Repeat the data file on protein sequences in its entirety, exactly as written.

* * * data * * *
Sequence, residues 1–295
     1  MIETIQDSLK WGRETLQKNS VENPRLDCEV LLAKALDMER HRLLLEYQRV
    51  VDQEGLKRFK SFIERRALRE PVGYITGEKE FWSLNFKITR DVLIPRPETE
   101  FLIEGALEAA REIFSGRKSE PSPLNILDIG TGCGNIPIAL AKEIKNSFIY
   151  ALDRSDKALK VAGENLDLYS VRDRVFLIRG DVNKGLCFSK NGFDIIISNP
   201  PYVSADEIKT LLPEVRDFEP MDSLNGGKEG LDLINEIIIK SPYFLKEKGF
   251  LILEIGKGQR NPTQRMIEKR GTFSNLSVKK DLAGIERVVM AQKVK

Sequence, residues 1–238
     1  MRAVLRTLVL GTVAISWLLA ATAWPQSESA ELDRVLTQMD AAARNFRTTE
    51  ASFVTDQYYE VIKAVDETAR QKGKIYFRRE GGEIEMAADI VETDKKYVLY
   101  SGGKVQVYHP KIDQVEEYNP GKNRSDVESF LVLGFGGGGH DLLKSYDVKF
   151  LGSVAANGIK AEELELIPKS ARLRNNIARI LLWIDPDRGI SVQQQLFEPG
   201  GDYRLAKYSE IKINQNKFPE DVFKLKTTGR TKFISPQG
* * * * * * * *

Sequence, residues 1–295
     1  MIETIQDSLK WGRETLQKNS VENPRLDCEV LLAKALDMER HRLLLEYQRV
    51  VDQEGLKRFK SFIERRALRE PVGYITGEKE FWSLNFKITR DVLIPRPETE
   101  FLIEGALEAA REIFSGRKSE PSPLNILDIG TGCGNIPIAL AKEIKNSFIY
   151  ALDRSDKALK VAGENLDLYS VRDRVFLIRG DVNKGLCFSK NGFDIIISNP
   201  PYVSADEIKT LLPEVRDFEP MDSLNGGKEG LDLINEIIIK SPYFLKEKGF
   251  LILEIGKGQR NPTQRMIEKR GTFSNLSVKK DLAGIERVVM AQKVK

Sequence, residues 1–238
     1  MRAVLRTLVL GTVAISWLLA ATAWPQSESA ELDRVLTQMD AAARNFRTTE
    51  ASFVTDQYYE VIKAVDETAR QKGKIYFRRE GGEIEMAADI VETDKKYVLY
   101  SGGKVQVYHP KIDQVEEYNP GKNRSDVESF LVLGFGGGGH DLLKSYDVKF
   151  LGSVAANGIK AEELELIPKS ARLRNNIARI LLWIDPDRGI SVQQQLFEPG
   201  GDYRLAKYSE IKINQNKFPE DVFKLKTTGR TKFISPQG